The Square Kilometre Array (SKA) is a global big-science project to build the world’s largest and most capable radio telescope. During its more than 50 year lifetime, the SKA will expand our understanding of the universe and drive technological developments worldwide.
The project is in the pre-construction phase.
A global collaboration
Australia and South Africa will each host SKA telescopes. The SKA Organisation leads the global project. It is headquartered in the United Kingdom and comprises organisations from 13 countries.
The Murchison Radio-astronomy Observatory (MRO) will host the low frequency part of the telescope, SKA-low. South Africa will host the mid frequency component, SKA-mid. The Commonwealth Scientific and Industrial Research Organisation (CSIRO) operates the MRO. The SKA-low will be spread across an area spanning 65km and will consist of 130,000 antennas.
The SKA site is:
located in remote Western Australia, around 800km north of Perth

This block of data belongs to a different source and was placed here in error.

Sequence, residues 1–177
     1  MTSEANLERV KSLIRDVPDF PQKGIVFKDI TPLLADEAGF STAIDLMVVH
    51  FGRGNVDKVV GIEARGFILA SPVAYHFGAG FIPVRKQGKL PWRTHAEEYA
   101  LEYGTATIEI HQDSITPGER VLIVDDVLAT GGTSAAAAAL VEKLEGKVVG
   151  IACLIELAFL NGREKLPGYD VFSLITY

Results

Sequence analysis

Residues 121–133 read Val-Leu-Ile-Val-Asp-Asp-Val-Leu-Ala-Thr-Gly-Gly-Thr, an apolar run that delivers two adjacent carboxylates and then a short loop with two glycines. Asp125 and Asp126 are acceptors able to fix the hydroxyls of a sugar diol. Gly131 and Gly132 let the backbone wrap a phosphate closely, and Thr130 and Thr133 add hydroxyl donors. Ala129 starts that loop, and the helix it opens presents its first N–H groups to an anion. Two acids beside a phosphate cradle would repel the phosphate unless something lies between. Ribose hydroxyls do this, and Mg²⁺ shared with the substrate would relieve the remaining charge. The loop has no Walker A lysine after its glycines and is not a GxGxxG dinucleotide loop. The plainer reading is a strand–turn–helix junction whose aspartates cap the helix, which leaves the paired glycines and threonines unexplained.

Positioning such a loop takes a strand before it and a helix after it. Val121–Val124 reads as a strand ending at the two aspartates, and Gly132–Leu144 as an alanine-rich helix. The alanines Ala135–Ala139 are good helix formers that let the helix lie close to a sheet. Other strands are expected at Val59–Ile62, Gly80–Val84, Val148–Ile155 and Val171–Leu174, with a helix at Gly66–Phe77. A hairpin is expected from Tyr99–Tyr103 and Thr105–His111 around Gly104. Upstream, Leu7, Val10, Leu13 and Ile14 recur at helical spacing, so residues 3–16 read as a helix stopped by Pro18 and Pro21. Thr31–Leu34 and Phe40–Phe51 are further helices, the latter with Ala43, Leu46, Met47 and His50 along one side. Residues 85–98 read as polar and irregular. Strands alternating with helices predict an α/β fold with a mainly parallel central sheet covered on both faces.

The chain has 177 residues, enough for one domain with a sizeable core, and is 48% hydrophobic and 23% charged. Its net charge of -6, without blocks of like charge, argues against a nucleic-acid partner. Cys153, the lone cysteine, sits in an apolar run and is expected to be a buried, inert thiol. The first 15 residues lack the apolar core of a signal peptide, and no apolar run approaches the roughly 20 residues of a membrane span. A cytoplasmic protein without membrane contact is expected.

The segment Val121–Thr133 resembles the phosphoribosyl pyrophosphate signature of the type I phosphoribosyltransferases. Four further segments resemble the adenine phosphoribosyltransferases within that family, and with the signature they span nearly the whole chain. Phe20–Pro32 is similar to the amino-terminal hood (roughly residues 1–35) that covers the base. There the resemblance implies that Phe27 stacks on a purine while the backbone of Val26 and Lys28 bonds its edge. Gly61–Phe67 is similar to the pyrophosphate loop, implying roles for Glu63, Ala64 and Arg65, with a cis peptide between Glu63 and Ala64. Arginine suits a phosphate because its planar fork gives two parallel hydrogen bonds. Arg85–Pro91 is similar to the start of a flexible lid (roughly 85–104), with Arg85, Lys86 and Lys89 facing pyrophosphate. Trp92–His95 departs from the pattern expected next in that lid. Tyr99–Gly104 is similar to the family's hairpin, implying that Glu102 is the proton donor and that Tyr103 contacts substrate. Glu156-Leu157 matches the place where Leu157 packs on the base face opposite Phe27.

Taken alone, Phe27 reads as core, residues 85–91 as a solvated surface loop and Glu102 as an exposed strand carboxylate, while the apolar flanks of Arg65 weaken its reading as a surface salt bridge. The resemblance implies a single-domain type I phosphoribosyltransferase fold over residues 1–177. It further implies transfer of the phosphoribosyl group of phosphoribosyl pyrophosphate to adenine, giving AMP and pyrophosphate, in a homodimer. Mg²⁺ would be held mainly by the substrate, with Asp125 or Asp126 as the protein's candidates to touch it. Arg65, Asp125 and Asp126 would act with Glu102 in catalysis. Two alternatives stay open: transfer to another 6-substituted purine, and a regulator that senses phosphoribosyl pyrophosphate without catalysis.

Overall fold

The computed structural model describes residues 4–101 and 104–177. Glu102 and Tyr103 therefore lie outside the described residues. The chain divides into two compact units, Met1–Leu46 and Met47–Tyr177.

situated on part of the ancestral lands of the Wajarri Yamaji people
The Wajarri Yamaji have played an important role in enabling Australia to co-host the SKA. The Australian SKA Office and CSIRO are working with the Wajarri Yamaji to negotiate a land use agreement to access the site and realise the SKA Project on Wajarri Yamaji country.
Designing the SKA
Groups from all around the world are working together to design and deliver the telescope infrastructure.
Radio astronomy has led to the development of new technologies with applications in important fields such as computer science, medical imaging, and advanced manufacturing. Similarly, the SKA is expected to generate spin-off technologies with broad applications.
Astronomers will analyse SKA data to realise the SKA science goals. The unprecedented flow of data from the antennas will require supercomputing power surpassing today’s best technology. The Pawsey Supercomputing Centre in Western Australia will house the facility.